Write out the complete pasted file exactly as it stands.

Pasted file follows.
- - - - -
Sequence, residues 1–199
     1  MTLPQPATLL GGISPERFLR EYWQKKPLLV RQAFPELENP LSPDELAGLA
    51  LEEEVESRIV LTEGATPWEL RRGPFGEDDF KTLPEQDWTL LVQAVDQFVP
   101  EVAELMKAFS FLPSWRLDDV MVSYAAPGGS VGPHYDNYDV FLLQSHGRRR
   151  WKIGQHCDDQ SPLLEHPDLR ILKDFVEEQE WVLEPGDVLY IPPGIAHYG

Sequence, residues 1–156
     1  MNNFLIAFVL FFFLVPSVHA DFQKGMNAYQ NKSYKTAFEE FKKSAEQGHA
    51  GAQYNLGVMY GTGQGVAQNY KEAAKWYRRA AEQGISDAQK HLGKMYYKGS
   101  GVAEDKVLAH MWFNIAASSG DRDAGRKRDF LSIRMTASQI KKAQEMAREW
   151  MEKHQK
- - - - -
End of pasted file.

Sequence, residues 1–199
     1  MTLPQPATLL GGISPERFLR EYWQKKPLLV RQAFPELENP LSPDELAGLA
    51  LEEEVESRIV LTEGATPWEL RRGPFGEDDF KTLPEQDWTL LVQAVDQFVP
   101  EVAELMKAFS FLPSWRLDDV MVSYAAPGGS VGPHYDNYDV FLLQSHGRRR
   151  WKIGQHCDDQ SPLLEHPDLR ILKDFVEEQE WVLEPGDVLY IPPGIAHYG

Sequence, residues 1–156
     1  MNNFLIAFVL FFFLVPSVHA DFQKGMNAYQ NKSYKTAFEE FKKSAEQGHA
    51  GAQYNLGVMY GTGQGVAQNY KEAAKWYRRA AEQGISDAQK HLGKMYYKGS
   101  GVAEDKVLAH MWFNIAASSG DRDAGRKRDF LSIRMTASQI KKAQEMAREW
   151  MEKHQK